When you buy a single-family home, townhome, or condominium that's part of a planned community with covenants, you'll most likely pay fees and assessments, often collectively called "assessments," to a homeowners' association (HOA). If you fall behind in the assessments, the HOA will likely first try to collect the debt using traditional methods. For instance, the association will probably call you and send letters. But if those tactics don't get you to pay up, the association will probably try other ways to collect from you. The HOA might take away your privileges to use the common facilities or file a lawsuit to get a money judgment against you.
Most HOAs also have the power to get a lien on your property if you become delinquent in assessments. Not only will an assessments lien cloud the title to the property, which hinders your ability to sell or refinance the home, but the property can also be foreclosed to force a sale to a new owner—even if the property has a mortgage on it.
In Minnesota, if your home is part of an HOA and you fall behind in assessments:
If the HOA initiates a foreclosure, you might have a defense to the action, such as the association charged you too much, imposed unreasonable fees, or failed to follow state laws. Or you might be able to negotiate a way to get caught up on the overdue amounts and save your home. For example, you might be able to pay off the entire delinquency, negotiate a reduced payoff amount, or enter into a repayment plan.
The Minnesota Common Interest Ownership Act (Chapter 515B of the Minnesota statutes) governs HOAs in the state.
Based on the association's Declaration of Covenants, Conditions, and Restrictions (CC&Rs) and state law, an HOA can usually get a lien on a property if the homeowner is delinquent in paying the assessments. Once a homeowner becomes overdue on the assessments, a lien will usually automatically attach to the home. In some cases, the association will record its lien with the county recorder to provide public notice that the lien exists, regardless of whether state law requires recording.
Under Minnesota law, an association has a lien on a unit for any assessment levied against that unit from the time the assessment becomes due. If an assessment is payable in installments, the full amount of the assessment becomes a lien from the time the first installment became due. The recording of the CC&Rs constitutes record notice and perfection of the lien; recording a notice of or claim for the lien isn't required. (Minn. Stat. § 515B.3-116(a)).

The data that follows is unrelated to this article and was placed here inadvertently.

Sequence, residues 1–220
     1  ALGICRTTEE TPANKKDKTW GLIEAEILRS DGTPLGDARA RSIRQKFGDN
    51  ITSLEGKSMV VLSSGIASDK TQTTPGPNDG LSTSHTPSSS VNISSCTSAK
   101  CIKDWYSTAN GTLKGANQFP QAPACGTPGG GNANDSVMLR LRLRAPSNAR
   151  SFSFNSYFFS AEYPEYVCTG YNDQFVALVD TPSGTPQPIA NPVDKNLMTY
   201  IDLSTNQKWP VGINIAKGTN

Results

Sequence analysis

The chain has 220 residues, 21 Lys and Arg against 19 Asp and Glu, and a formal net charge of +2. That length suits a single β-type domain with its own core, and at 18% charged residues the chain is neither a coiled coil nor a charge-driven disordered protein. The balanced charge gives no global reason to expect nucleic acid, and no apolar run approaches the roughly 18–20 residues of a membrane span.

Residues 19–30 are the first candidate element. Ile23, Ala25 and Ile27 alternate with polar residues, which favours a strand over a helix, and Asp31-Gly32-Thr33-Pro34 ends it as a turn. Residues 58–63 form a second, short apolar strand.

Minnesota law sets out the types of charges that an HOA may include in its assessments lien. Unless the declaration provides otherwise, the association generally can include charges for:
Also, in a foreclosure, the HOA is entitled to recover foreclosure attorneys' fees and costs if authorized by the declaration or bylaws (in a nonjudicial foreclosure) or as determined by the court (in a judicial foreclosure). (Minn. Stat. § 515B.3-116(h)(4)).
If you make a written request to the HOA, the association must provide you with a statement of the overdue assessments within ten business days after receiving the request. (Minn. Stat. § 515B.3-116(g)).
In Minnesota, an HOA may foreclose its lien either judicially or nonjudicially. (Minn. Stat. § 515B.3-116(h)(1)).
The redemption period is generally six months from the date of sale, though it might be a lesser period if authorized by law. (Minn. Stat. § 515B.3-116(h)(4)).
For the HOA's lien to remain valid, the association must initiate an action to enforce the lien, like through a foreclosure, within three years after the last installment of the assessment becomes due. (Minn. Stat. § 515B.3-116(d)).
A common misconception is that the association can't foreclose if you're current with your mortgage payments. But an association's right to foreclose isn't dependent on whether you're up to date on your mortgage. Instead, lien priority determines what happens in a foreclosure.
The priority of liens establishes who gets paid first following a foreclosure sale and often determines whether a lienholder will get paid at all. Liens generally follow the "first in time, first in right" rule, which says that whichever lien is recorded first in the land records has higher priority than later recorded liens. A first-lien has a higher priority than other liens and gets the first crack at the foreclosure sale proceeds. If any proceeds are left after the first lien is paid in full, the excess proceeds go to the second lienholder until that lien is paid off, and so on. A lien with a low priority might get nothing from a foreclosure sale.
But state law or an association's governing documents can adjust lien priority.
While an HOA's lien is typically considered prior to other liens, some liens get priority over an HOA lien, including:
If you're thinking about buying a home in an HOA community in Minnesota—or you already live in one—take the time to familiarize yourself with state association laws, and the community's governing documents, like the CC&Rs. That way, you'll understand how the association operates and any legal restrictions on it. If you have any questions about the HOA's governing documents or your legal rights, consider talking to a real estate lawyer.
If you're facing a foreclosure by an HOA in Minnesota, consider consulting with a foreclosure attorney to learn more about state laws, how they apply to your situation, and to discuss all legal options available in your particular circumstances.